X-MEN PRIME #1
Written by: Marc Guggenheim, Greg Pak, and Cullen Bunn
Art by: Ken Lashley, Ibraim Roberson, Leonard Kirk, Guillermo Ortego, Morry Hollowell, Frank D’Armata, Michael Garland, and Joe Caramagna
Published by: Marvel Comics
X-Men Prime #1 sees Storm recruit Kitty Pryde out of retirement to lead the ResurreXion for the X-Men. Along the way we check in on Lady Deathstrike who will star in the upcoming Weapon-X title.
Later in the issue, we run into Jubilee and a handful of students we’ll see more of in the upcoming Generation X book. And last, but not least, we see Jean Grey and the time-displaced original X-Men who will star in the upcoming X-Men Blue.
Writer Marc Guggenheim uses Kitty Pryde as our tour guide, one that old and new fans can relate to. Meanwhile Greg Pak, and Cullen Bunn handle the sections featuring the upcoming titles. But I’m happy to say the change between writers though, is pretty seamless.
Guggenheim writes Kitty as a still young character, but one that has seen too much battle and heartache too. But despite this, Kitty is still the hopeful person we all knod and love. And in this issue, Kitty knows what’s best for the X-Men, what exactly she needs to do to bring them back to being the X-Men we cared about.
The art in X-Men Prime is quite nice, with Ken Lashley taking home the gold. I’ve liked his work ever since he was on Excalibur in the early 1990’s, so it was nice to see him draw Kitty again. The other scenes fall to Ibraim Roberson and Leonard Kirk. The Lady Deathstrike scene is darker, and less detailed than the Kitty Pryde sequences, but it definitely fits the scene. And Lady Deathstrike looks just like Kelly Hu did in the film X2, right down to the pant suit.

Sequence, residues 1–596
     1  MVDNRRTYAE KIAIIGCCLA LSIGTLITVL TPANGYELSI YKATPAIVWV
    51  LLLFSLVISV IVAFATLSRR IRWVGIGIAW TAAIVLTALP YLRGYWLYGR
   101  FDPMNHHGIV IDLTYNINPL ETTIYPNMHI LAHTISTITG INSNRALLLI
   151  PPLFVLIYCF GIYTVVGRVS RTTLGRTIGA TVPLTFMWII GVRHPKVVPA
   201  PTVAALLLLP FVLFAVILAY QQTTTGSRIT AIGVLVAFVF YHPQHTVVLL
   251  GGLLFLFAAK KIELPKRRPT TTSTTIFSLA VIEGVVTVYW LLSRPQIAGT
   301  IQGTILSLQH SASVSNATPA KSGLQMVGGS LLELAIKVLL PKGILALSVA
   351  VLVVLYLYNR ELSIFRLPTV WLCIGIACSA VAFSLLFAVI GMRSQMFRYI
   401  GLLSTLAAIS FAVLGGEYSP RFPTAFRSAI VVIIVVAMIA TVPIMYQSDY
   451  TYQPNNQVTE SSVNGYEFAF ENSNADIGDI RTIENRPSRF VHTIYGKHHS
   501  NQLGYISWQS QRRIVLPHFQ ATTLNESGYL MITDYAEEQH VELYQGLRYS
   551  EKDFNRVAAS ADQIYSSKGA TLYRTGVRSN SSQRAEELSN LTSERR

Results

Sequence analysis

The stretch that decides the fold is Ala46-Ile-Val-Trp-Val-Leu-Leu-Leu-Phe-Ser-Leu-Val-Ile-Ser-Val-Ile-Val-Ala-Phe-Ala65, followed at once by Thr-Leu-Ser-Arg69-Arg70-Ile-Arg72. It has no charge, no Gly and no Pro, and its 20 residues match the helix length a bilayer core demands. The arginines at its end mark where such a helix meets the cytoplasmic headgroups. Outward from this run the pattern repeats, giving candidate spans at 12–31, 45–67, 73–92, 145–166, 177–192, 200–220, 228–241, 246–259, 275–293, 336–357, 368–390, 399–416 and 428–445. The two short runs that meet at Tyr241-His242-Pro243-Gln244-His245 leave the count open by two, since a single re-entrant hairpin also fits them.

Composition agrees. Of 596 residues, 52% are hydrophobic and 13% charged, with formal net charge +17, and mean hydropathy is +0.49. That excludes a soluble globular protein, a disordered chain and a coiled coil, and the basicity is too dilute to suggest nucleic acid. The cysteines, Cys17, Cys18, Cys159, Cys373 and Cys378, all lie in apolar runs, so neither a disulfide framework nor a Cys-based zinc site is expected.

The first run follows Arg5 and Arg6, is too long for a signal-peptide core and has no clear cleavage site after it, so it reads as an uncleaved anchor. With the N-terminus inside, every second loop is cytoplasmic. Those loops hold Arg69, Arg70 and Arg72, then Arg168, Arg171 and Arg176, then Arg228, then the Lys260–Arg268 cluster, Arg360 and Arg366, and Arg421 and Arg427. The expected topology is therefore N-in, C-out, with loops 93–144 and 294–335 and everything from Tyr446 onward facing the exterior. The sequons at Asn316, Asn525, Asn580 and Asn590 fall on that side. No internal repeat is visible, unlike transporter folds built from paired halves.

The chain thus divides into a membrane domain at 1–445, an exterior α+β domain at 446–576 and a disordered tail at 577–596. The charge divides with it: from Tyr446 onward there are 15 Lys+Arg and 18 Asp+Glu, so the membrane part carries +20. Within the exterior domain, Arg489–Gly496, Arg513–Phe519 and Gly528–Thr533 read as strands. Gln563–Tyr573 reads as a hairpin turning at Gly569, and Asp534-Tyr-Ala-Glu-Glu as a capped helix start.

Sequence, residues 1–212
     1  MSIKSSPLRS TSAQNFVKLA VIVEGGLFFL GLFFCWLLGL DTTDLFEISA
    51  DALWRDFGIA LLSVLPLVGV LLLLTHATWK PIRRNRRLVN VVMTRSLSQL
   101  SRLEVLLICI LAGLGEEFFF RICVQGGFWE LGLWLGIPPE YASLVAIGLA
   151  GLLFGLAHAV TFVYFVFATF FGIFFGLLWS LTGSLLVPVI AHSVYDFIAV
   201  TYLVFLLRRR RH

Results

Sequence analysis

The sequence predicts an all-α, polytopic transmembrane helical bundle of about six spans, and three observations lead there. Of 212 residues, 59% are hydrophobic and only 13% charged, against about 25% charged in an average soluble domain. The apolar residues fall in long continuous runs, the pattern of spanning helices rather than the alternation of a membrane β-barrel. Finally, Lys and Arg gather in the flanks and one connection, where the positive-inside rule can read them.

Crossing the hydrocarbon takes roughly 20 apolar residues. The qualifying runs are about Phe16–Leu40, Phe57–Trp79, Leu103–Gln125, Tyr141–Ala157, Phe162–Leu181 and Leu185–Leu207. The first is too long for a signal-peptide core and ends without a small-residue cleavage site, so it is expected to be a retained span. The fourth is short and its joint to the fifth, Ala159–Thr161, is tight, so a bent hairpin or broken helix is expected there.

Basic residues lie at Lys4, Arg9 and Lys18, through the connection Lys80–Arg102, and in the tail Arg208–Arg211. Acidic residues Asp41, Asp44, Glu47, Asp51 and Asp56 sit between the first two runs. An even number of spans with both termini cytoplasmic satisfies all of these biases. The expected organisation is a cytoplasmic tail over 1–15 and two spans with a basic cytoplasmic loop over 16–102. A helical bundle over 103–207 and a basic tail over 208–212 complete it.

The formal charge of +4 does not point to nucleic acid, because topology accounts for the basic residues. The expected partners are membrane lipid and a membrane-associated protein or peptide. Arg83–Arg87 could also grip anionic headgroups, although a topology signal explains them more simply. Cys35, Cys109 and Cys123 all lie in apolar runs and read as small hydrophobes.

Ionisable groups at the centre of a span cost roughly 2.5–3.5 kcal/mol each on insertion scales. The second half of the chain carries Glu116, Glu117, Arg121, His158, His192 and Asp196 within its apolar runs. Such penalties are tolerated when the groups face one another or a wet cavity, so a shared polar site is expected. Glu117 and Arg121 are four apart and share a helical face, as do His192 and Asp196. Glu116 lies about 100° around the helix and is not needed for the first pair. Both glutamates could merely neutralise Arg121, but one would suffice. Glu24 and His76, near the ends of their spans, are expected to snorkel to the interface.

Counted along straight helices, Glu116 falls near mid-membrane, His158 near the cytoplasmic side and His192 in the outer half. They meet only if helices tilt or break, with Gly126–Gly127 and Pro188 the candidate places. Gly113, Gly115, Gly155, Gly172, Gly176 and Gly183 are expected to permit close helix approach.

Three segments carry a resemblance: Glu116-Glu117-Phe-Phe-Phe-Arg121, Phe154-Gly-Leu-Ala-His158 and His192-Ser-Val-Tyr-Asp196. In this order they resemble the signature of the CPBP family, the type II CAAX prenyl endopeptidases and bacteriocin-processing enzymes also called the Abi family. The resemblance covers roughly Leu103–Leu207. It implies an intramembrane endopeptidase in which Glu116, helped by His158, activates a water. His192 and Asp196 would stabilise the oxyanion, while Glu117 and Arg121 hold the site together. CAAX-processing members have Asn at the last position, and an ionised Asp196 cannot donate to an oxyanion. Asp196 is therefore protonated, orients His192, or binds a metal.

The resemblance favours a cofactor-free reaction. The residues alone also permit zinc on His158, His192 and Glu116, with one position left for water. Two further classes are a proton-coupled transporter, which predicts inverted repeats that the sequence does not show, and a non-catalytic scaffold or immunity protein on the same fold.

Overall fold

Meanwhile, the segment with the time displaced X-Men, is brighter, more fun, and includes costumes. Not great costumes minds you, but at least they’re wearing some. This part of the issue also sees Jean Grey wondering why the boys are always so protective of her. A good question, considering she’s probably the most powerful out of all of them.
X-Men Prime #1 is exactly what you expected: An overpriced issue that previews the new upcoming X-Men books. However, X-Men Prime is also pretty damn good, and that is something I was not expecting.
All of the sudden I’m interested in the Weapon-X and Jean Grey books, and I can’t wait to see what kitty Pryde has in store for the children of the atom.
X-Men Prime #1 score: A-